The semiconductor industry and the business of packaging and assembly is undergoing a major change. Heterogeneous integration is an economic solution that addresses the end of silicon scaling as historically documented by Gordon Moore.
One idea is to design in the most advanced semiconductor node the functions that are absolutely required to be in that node, and use this chip in combination with others in a package that provides the desired function in a more cost effective manner. Die function portions that can be fabricated in older nodes at lower cost can be combined in a single package. IP reuse reduces cost. Heterogeneous integration also allows functions that could not be fabricated on the same die to be placed in a package together to achieve the required performance.
There are many package solutions that can achieve the goal of heterogeneous integration. A roadmap is useful as a guide to trends that ultimately determine the most appropriate package for a specific application. The roadmap helps to determine the trends in density (i.e., IO/mm, which refers to the number of wires/IO that can escape along the die perimeter and IO/mm2), bump pitch, minimum trace widths, and spacing (lines/ spaces), minim via and lad pad dimensions, etc
The roadmap also provides a better understanding of available package options. For the closest proximity of the die, the silicon interposer allows the chips to be placed in close proximity and communication takes place using the traces formed with copper and polymer on the passive interposer. An alternative that can provide similar desired density has been introduced by Intel in the form of its embedded multi-die interconnection bridge (EMIB), where a high density silicon is embedded in the laminate substrate to achieve the required density for die-to-die communication where required. Another alternative is the use of fan-out wafer level packaging on a substrate.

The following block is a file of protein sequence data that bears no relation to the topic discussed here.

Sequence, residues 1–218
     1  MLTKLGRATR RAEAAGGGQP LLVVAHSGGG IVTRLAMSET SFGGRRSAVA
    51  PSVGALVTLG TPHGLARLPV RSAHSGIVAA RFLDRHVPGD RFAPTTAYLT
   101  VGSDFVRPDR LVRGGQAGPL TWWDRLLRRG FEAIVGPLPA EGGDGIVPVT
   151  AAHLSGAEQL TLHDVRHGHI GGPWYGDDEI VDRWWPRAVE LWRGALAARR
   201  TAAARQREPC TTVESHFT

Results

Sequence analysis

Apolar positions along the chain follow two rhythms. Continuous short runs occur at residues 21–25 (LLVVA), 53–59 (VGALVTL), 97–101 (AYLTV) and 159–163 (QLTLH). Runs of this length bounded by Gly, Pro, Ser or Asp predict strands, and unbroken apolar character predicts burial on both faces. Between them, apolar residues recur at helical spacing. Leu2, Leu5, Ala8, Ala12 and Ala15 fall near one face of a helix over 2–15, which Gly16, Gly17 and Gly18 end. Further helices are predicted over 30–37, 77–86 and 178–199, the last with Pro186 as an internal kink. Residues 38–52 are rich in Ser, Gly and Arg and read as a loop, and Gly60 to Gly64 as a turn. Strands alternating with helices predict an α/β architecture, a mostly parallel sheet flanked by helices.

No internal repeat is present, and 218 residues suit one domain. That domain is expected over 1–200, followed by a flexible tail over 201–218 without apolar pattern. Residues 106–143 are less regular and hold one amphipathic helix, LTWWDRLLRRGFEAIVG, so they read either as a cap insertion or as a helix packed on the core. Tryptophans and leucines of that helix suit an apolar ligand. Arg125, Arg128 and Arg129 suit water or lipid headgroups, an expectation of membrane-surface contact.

The roadmap can also be useful in indicating when an emerging technology such as a glass interposer might be an option or if an organic interposer meets the density requirements.
Roadmaps also provide indications of areas that require increased industry attention and problems that need to be solved. Performance metrics, including state of the art metrics and manufacturing metrics, can also be provided. These metrics may be helpful to industry participants in developing new materials and processes.
Roadmaps can also help guide the use of terminology that can provide common nomenclature that the supply chain can use to better communicate. For example, the current nomenclature (2.1D, 2.3D, 2.45D and 2.5D architectures) is not always rooted in the same assumptions and a roadmap will help provide clarity on physics-based nomenclatures.
For example, the latest version of the heterogeneous roadmap proposed that 2D means side-by-side. An organic substrate would be a 2DO, while a passive silicon interposer would be a 2DS. 3D refers to active silicon where the interconnection is done without use of the package (a direct path is used). Adoption of terms that provide clarity improve the understanding of the available options and trends.
— E. Jan Vardaman is the founder and president of TechSearch International Inc., a consulting company in the field of advanced semiconductor packaging technology.